John John nabbing one of the biggest if not the biggest alley oop to this day. It graced the cover of Surfing magazine and was one of the last clips in his critically acclaimed film “View From A Blue Moon.”
Felipe Toledo, one of the best modern day aerialist and is known for a crazy completion rate for airs in and out of a contest singlet.
So, we can see a lot has changed in the world of surfing in the aerial department, and new surfers post clips to instagram same day as they landed a massive air. My feed is always clogged with boosted airs and crazy rotations. It only seemed right to elaborate on an aspect that is pushing the sport in an innovative and crazy direction, since before my edit there were 2 sentences on the subject matter.
After my addition, I believe the community will easily be able to identify airs they see or even if they are competent enough figure out what to call the air they pulled last session to tell their friends. It has taken a long time being around the sport for me to be able to call airs based on grabs and rotations, but once you get the hang of it its not the worst thing in the world.
Note: my wiki name is surfbro808 (Here is the LINK to the page I am talking about. If you don’t want to scan on the wiki for the piece I wrote, here it is below)
Airs/Aerials: These maneuvers have been becoming more and more prevalent in the sport in both competition and free surfing. An air is when the surfer can achieve enough speed and approach a certain type of section of a wave that is supposed to act as a ramp and launch the surfer above the lip line of the wave, “catching air”, and landing either in the transition of the wave or the whitewash when hitting a close-out section.
Airs can either be straight airs or rotational airs. Straight airs have minimal rotation if any, but definitely no more rotation than 90 degrees. Rotational airs require a rotation of 90 degrees or more depending on the level of the surfer.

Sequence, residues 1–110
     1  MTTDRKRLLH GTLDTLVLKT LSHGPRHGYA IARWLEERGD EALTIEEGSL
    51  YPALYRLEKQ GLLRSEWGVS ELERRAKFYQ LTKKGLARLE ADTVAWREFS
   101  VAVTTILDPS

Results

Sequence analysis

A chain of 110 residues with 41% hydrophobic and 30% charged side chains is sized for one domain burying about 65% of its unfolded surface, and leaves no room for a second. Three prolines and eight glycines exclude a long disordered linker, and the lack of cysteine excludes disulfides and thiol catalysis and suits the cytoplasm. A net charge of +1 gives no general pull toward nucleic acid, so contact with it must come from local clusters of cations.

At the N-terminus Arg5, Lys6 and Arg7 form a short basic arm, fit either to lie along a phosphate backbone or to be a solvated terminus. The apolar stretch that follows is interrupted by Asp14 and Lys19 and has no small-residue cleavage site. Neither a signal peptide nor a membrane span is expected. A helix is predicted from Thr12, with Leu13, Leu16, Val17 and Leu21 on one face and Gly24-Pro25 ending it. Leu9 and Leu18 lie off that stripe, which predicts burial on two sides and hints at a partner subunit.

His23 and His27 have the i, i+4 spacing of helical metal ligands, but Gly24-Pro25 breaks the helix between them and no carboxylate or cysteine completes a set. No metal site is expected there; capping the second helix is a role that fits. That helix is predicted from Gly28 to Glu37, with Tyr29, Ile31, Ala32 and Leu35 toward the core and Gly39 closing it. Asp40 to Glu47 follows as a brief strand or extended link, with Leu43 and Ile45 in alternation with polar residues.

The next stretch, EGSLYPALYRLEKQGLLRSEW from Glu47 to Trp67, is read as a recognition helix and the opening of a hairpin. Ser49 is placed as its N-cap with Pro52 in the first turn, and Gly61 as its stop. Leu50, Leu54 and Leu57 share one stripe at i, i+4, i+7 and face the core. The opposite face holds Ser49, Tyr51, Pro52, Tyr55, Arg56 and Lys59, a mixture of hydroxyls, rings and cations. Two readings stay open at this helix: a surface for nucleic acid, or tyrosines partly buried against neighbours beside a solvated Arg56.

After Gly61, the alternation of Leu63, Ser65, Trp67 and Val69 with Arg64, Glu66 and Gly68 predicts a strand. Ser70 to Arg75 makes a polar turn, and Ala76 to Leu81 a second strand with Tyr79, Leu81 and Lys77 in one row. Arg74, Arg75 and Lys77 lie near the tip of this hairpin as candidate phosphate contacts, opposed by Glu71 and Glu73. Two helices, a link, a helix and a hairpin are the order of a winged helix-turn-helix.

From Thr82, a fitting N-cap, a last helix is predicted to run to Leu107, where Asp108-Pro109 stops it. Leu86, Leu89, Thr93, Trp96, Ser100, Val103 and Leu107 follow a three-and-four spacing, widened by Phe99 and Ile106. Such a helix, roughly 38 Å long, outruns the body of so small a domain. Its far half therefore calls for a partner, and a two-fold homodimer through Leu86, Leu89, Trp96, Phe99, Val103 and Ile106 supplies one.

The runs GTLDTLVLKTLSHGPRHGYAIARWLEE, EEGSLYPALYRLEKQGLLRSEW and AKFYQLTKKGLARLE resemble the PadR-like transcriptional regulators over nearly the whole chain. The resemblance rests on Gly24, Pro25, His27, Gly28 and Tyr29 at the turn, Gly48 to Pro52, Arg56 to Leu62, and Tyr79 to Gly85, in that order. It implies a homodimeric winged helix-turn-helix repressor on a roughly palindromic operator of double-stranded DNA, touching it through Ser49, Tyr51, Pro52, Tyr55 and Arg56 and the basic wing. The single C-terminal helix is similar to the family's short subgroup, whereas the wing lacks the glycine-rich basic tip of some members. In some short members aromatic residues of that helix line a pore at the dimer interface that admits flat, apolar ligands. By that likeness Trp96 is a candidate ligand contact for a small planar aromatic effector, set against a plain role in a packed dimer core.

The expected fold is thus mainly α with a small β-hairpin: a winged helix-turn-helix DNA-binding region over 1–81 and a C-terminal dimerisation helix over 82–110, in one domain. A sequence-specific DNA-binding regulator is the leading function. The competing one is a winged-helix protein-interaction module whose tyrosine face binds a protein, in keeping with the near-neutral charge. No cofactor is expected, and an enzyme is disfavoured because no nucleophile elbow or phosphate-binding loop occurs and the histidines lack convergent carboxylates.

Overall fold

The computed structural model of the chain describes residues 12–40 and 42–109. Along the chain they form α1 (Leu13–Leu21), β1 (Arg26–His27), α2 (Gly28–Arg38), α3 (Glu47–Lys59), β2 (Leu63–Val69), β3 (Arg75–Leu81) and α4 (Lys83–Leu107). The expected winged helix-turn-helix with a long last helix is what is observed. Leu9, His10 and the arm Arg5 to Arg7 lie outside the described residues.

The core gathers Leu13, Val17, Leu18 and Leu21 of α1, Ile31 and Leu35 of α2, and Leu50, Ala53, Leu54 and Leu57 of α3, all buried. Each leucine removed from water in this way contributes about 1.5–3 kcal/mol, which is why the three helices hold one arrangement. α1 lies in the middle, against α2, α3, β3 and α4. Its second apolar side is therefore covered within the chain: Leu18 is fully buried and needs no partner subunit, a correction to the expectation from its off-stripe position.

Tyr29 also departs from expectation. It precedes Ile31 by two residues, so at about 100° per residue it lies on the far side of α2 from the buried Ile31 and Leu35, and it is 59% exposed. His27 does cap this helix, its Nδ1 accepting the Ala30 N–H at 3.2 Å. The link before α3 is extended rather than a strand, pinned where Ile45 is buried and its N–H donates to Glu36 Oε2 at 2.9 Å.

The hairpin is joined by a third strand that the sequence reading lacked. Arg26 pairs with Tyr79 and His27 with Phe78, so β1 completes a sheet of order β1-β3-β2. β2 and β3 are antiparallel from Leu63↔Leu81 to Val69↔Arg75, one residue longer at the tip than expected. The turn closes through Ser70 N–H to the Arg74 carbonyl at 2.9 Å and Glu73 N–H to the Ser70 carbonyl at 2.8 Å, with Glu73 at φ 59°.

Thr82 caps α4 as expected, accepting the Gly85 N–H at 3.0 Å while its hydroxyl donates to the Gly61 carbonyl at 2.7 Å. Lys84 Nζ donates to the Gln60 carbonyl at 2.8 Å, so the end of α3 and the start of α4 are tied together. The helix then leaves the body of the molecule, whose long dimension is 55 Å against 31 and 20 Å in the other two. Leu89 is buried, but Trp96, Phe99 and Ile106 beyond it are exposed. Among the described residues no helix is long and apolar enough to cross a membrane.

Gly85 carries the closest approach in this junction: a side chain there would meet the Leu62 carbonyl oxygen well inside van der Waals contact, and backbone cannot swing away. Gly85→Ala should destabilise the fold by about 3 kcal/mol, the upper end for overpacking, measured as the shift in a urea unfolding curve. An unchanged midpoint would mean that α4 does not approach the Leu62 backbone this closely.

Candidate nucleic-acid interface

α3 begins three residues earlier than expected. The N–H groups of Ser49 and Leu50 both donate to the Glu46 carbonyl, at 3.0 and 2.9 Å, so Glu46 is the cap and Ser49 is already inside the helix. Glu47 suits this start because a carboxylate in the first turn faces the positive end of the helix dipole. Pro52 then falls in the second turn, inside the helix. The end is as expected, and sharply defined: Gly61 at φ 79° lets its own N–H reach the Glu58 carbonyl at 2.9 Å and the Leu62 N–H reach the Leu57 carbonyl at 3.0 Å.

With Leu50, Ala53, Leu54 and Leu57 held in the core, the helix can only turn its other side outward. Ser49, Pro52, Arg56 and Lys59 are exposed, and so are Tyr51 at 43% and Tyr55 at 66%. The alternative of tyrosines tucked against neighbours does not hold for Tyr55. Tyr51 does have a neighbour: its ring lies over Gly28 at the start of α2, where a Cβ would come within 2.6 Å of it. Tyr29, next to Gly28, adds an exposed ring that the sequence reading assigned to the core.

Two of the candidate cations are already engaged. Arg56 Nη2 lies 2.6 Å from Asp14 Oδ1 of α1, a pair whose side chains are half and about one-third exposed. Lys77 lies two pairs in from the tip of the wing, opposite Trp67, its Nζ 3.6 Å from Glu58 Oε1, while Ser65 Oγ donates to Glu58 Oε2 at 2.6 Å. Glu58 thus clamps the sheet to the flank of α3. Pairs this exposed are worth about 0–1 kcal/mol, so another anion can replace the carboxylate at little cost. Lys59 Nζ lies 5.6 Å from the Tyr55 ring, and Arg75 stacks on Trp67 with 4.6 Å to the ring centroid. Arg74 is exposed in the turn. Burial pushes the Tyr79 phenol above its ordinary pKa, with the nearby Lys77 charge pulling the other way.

Types of rotations:
- 180 degrees – called an air reverse, this is when the surfer spins enough to land backwards, then reverts to their original positional with the help of the fins. This rotation can either be done frontside or backside, and can spin right or left.
- 360 degrees – this is a full rotation air or “full rotor” where the surfer lands where they started or more, as long as they do not land backwards. When this is achieved front side on a wave spinning the opposite of an air reverse is called an alley oop.
- 540 degrees – the surfer does a full rotation plus another 180 degrees, and can be inverted or spinning straight, few surfers have been able to land this air.
- Backflip – usually done with a double grab, this hard to land air is made for elite level surfers.
- Rodeo flip – usually done backside, it is a backflip with a 180 rotation, and is actually easier than a straight backflip.
- Grabs – a surfer can help land an aerial maneuver by grabbing the surfboard, keeping them attached to the board and keeping the board under their feet. Common types of grabs include:
- Indy – a grab on the surfers (inside rail going frontside, outside rail going backside) with their back hand.
- Slob – a grab on the surfers (inside rail going frontside, outside rail going backside) with their front hand.
- Lien – A grab on the surfers (outside rail frontside, inside rail going backside) with their front hand.
- Stalefish – A grab on the surfers (outside rail frontside, inside rail backside) with their back hand.
- Double grab – A grab on the surfers inside and outside rail, the inside rail with the back hand and the outside rail with the front hand.